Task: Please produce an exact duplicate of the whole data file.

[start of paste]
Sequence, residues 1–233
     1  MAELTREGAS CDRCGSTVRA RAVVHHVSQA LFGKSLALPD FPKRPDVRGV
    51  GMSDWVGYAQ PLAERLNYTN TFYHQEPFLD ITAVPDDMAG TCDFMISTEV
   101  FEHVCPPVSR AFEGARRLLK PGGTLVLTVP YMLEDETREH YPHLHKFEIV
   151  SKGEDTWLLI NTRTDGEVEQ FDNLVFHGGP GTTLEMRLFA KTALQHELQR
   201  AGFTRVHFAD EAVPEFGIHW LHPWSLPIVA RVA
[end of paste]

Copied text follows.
Sequence, residues 1–233
     1  MAELTREGAS CDRCGSTVRA RAVVHHVSQA LFGKSLALPD FPKRPDVRGV
    51  GMSDWVGYAQ PLAERLNYTN TFYHQEPFLD ITAVPDDMAG TCDFMISTEV
   101  FEHVCPPVSR AFEGARRLLK PGGTLVLTVP YMLEDETREH YPHLHKFEIV
   151  SKGEDTWLLI NTRTDGEVEQ FDNLVFHGGP GTTLEMRLFA KTALQHELQR
   201  AGFTRVHFAD EAVPEFGIHW LHPWSLPIVA RVA